We all have our guilty pleasures and in bookish terms, those come from unapologetically embracing even the most cliche of tropes. A trope basically equates to an occurring theme/plot device, and while some tropes get my heart pumping, others are rage-inducing. Here are some of my favourite and least favourite tropes.
Friends to lovers: Let’s kick things off with a bit of romance. There are many reasons why I love this trope, but what I love is how the romantic relationship is built on the friendship that they had already established. It adds a layer of depth and history to the relationship and the development of the relationship from friends to more just seems like a natural progression.
Enemies to lovers: If you want to get the sparks flying then grab a book that turns enemies to lovers. I know that this trope divides a lot of the community, but I am proud to back this trope. What’s so great about the enemies to lovers trope is it encourages communication as the perception of the enemy is changed when they communicate their thoughts, feelings, and actions with one another. It also allows for a tantalising build-up to the moment they finally give in to their feelings. The only exception to this trope is when the enemy’s actions cross into the line of unacceptable.
Redemption Arcs: Some may say that this trope is overused nowadays, but you cannot deny that redemptions arcs give a richness to the character. Redemption arcs should never be used as a means of justifying their previous evil actions, but that doesn’t mean that they can’t see the error of their ways and work towards bettering themselves because of it.
Morally Ambiguous Characters: Again, this has become a popular trope, but I love it when a character teeters on the grey line. It makes you really question your own moral limits as some actions are quite despicable, but forces you to think of the grander scheme and the consequences that would befall had they not followed that path, the Six of Crows crew being a prime example. Each character commits various morally ambiguous actions, but we still root for them and can understand the reasoning behind such acts. Still, it makes you question their choices and really delves into the complexity of the characters.
Journeys/Quests: I love a journey or a good quest. It allows so much space for character growth in both contemporary and fantasy novels. These journeys often push our characters to their limits, but also offers a chance for them to broaden their horizons, gain perspective, and challenge their innermost demons.
Least Favourite Tropes
Love Triangles: Do I even have to go into detail about this one? Love triangles just need to stop. No one looks good in a love triangle and more often than not the triangle overshadows the more compelling elements in the story.
The Chosen One: Now, this is more to do with the chosen one that suddenly finds themselves with an abundance of power they don’t know how to use and yet suddenly overcomes any challenge they face with said power. The chosen one always feels like they’re placed on a pedestal, meaning they can get away with anything because they had to. Let’s be real, these chosen ones would never get to where they’re going without their allies. They’re the real heroes for putting up with their woe is me, I was chosen, I am an unstoppable hero of a friend.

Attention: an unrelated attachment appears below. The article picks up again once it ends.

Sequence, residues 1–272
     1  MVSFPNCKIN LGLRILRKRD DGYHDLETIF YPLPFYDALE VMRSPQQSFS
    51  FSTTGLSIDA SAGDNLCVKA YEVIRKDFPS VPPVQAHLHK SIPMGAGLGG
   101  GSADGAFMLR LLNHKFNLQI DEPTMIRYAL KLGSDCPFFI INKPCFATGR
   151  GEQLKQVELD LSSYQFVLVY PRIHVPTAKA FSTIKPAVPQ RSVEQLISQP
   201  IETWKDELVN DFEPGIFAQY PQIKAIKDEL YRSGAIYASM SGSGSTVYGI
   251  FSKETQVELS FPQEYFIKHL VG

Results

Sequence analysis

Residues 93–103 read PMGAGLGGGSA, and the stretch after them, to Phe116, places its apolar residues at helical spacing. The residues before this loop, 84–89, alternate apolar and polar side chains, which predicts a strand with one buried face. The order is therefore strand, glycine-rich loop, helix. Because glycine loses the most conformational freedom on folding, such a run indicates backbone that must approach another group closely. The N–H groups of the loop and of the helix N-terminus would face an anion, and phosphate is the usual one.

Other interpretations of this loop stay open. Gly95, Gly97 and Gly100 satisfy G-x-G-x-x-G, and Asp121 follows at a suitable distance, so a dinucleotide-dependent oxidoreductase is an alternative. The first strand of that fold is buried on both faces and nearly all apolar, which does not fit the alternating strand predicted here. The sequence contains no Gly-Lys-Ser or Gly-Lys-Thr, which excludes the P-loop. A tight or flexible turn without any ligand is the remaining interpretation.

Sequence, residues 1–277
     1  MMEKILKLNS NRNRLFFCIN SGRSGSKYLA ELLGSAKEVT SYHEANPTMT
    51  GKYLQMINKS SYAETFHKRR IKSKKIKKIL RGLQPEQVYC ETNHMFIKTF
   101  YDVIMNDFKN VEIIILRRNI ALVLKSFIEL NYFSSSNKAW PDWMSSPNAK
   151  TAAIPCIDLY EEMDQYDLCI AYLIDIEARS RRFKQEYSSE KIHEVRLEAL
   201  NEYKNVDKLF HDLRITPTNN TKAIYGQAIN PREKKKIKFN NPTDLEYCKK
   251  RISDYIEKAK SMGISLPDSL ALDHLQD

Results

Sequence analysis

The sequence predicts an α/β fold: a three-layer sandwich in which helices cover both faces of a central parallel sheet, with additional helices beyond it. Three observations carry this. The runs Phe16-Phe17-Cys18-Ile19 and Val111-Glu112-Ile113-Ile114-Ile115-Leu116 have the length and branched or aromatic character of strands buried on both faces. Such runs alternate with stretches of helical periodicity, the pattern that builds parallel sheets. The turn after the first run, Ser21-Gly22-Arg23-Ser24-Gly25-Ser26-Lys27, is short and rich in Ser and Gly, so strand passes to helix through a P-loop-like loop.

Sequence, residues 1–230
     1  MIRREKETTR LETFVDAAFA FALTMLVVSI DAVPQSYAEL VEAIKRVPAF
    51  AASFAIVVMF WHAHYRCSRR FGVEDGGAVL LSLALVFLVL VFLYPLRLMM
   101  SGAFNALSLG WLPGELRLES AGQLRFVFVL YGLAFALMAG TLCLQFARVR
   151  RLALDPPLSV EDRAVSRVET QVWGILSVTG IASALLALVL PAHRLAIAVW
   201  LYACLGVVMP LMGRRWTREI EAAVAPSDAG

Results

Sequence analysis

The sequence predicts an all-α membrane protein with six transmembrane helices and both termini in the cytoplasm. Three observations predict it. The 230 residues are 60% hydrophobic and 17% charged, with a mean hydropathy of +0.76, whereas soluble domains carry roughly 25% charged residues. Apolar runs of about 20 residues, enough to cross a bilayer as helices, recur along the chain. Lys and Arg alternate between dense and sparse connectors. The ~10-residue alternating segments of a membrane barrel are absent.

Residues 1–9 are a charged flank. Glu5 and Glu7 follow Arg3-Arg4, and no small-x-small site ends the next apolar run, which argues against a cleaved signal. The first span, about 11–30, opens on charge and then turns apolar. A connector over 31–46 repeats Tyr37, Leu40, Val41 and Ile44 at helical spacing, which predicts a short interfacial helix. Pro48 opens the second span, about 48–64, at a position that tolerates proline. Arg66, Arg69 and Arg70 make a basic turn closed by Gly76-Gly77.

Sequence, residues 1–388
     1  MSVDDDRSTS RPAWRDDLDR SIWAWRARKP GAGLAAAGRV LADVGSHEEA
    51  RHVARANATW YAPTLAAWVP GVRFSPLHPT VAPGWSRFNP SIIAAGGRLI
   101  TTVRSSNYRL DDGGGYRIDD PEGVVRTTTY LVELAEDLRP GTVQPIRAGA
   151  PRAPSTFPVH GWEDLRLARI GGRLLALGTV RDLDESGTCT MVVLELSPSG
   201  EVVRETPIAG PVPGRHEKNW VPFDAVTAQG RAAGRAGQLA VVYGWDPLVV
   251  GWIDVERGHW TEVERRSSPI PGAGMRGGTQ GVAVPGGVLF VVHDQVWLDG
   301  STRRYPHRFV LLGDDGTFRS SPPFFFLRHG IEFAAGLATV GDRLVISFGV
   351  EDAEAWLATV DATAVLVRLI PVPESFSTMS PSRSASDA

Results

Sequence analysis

Absent parents: Look, parents might be a hindrance to your story, but if you kill the parents or make them absent solely because it’s easier then you are wrong. This trope is relevant to both fantasy and contemporary novels, and I really think authors miss out on exploring the complex dynamic between parents and their children, especially when said child is mixed up in something they don’t understand. Having the parents present in books allows for additional growth and understanding between both the protagonist and the parent in question, so I would happily get rid of this absent parent trope.
Love Cures All: Love did not save you, you saved you. There is nothing more frustrating than the love cures all trope. Love might help, it can be a comfort, but it doesn’t heal all wounds. It’s the character themselves that have to make the decision to “save” themselves. I think it’s unhealthy to place so much of an emphasis on love being the cure to everything when we know that deep down there’s a bigger root. I’m not saying that love doesn’t have an impact and having that support system based on love, romantic or platonic, is important, but it is not the saviour.
Villain with no motive: A villain without a motive is just dull. It doesn’t add any substance to the story is your primary villain is just evil for the sake of it. There has to be a reason, a motive, something that drives. Every villain is the hero of their own story, but what kind of story would it be if they just woke up one day and decided to be evil. A villain without motive kills the tension in the story because their actions are just hollow.
What are your favourite / least favourite tropes?